Tex Murphy: Overseer

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Tex Murphy: Overseer
Cover art
Developer(s)Access Software
Publisher(s)Access Software
Director(s)Adrian Carr
Producer(s)Aaron Conners
Catrine McGregor
Bruce Ward
Designer(s)Aaron Conners
Chris Jones
Programmer(s)Mark Knight
Writer(s)Aaron Conners
Chris Jones
SeriesTex Murphy
Platform(s)Microsoft Windows
  • NA: February 28, 1998

Tex Murphy: Overseer is the fifth installment in the Tex Murphy series of graphic adventure games produced by Access Software. In it, the player controls Private Investigator Tex Murphy as he recounts the story of his first case to his girlfriend, Chelsee Bando. Like the previous two Tex Murphy games, Under a Killing Moon and The Pandora Directive, Overseer combined the use of full motion video (FMV) with 3D environments.


Like all Tex Murphy games, Tex Murphy: Overseer takes place in post-World War III San Francisco. After the devastating events of WWIII, many major cities have been rebuilt (as is the case with New San Francisco), though certain areas still remain as they were before the war (as in Old San Francisco). WWIII also left another mark on the world: the formation of two classes of citizens. Specifically, the Mutants and the "Norms".

Since the game is told as a series of flashbacks, it actually takes place in two different time frames; the current year is 2043, shortly after the events of The Pandora Directive and as such tensions between the Mutants and Norms have begun to die down. However, the flashbacks take place in November 2037; the Crusade for Genetic Purity is beginning to gain momentum, and tensions are building between the two groups. The Mutants are usually forced to live in the run-down areas of cities such as Old San Francisco. Tex lives in his new apartment on Front St. in New San Francisco. He has just been kicked out of the Colonel's Detective Agency for reporting the Colonel's unethical practices, and has now gone into business on his own.

The game starts out with Tex going on a date with Chelsee Bando. Worrying about Tex's ability to commit to a relationship, she confronts him about how he still wears his wedding ring from his ex-wife, Sylvia Linsky; this leads Tex to recount the story of his first case. Tex is hired by Sylvia Linsky to discover the truth behind her father's suicide, she believes he was actually murdered, but the police have already closed the case. With no one else to turn to, she goes to Tex for help. Tex becomes involved in a plot involving implants and mind control, and must do what he can to stop it, before it's too late; the story which Tex recounts to Chelsee is essentially the events of Mean Streets, the first game in the series. There are, however, several notable plot differences between the two.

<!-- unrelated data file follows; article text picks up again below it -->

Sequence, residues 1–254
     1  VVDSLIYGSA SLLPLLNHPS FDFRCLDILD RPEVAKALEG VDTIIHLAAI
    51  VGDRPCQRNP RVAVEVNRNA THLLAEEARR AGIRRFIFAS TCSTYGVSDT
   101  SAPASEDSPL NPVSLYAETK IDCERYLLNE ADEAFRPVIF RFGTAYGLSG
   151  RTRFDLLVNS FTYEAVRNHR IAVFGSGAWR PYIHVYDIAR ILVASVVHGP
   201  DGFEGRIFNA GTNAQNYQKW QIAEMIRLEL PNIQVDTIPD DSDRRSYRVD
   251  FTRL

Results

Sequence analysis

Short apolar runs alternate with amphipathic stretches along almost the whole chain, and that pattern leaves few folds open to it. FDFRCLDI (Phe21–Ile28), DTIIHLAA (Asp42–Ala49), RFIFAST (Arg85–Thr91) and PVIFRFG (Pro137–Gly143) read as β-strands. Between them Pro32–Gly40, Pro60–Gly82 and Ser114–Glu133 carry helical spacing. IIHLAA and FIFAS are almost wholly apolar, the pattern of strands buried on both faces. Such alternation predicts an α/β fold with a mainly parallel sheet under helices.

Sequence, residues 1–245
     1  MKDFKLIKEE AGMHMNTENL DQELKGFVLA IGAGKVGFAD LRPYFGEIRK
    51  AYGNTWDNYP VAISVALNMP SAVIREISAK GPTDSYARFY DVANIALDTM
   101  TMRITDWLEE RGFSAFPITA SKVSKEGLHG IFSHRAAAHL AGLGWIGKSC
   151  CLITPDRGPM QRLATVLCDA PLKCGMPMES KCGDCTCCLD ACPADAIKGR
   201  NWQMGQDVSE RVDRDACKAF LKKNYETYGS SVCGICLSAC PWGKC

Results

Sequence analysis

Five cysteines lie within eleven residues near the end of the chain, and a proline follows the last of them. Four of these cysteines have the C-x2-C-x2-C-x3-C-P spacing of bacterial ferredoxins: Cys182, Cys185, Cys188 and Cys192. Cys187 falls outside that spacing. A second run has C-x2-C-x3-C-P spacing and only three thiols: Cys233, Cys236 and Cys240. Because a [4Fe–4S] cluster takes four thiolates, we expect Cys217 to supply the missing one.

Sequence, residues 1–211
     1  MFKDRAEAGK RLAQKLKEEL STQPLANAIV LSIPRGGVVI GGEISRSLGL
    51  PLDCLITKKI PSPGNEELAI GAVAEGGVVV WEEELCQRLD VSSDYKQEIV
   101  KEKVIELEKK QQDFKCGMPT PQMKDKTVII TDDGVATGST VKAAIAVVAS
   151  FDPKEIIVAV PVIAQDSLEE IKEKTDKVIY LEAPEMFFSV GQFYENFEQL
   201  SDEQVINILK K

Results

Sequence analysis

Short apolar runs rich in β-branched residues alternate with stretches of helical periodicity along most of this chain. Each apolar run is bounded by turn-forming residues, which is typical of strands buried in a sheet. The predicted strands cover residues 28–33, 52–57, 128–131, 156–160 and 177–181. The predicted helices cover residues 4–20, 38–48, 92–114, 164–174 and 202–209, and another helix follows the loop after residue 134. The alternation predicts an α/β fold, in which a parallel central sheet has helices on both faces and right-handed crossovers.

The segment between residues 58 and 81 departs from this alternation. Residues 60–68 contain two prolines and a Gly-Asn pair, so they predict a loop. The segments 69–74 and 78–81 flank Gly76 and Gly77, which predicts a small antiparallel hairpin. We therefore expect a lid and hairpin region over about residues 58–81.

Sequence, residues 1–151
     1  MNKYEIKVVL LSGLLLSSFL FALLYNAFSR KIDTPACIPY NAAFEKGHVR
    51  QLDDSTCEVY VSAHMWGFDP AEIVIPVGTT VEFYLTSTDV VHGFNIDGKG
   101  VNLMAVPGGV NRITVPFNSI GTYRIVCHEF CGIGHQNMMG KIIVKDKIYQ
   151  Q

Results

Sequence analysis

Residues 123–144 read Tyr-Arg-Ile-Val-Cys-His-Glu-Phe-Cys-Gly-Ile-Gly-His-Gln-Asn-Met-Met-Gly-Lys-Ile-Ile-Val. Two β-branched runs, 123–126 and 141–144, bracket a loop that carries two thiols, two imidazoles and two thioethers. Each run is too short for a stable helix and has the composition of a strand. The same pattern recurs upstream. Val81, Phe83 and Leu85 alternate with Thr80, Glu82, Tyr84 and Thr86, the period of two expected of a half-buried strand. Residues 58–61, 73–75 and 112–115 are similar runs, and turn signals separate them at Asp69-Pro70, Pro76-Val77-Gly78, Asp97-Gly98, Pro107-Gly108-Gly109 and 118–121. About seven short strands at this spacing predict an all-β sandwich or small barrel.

Tex Murphy: Overseer is the third game in the Tex Murphy series to use virtual world technology. For Overseer, Access Software created a new virtual world engine designed for use in Windows 95/98. Along with the new engine came a slightly modified control system; the virtual world still allowed for full freedom of movement and allowed the user to search for clues in every corner, which by this point had become a staple of the Tex series.

Overseer continued the use of the Tex Murphy series' unique method of dialogue selection. Instead of providing you with a list of responses showing the exact words that Tex will say, each dialogue choice is given an adequate description. Never knowing exactly what Tex will say when you select an option helps to keep the dialogue surprising, and often funny.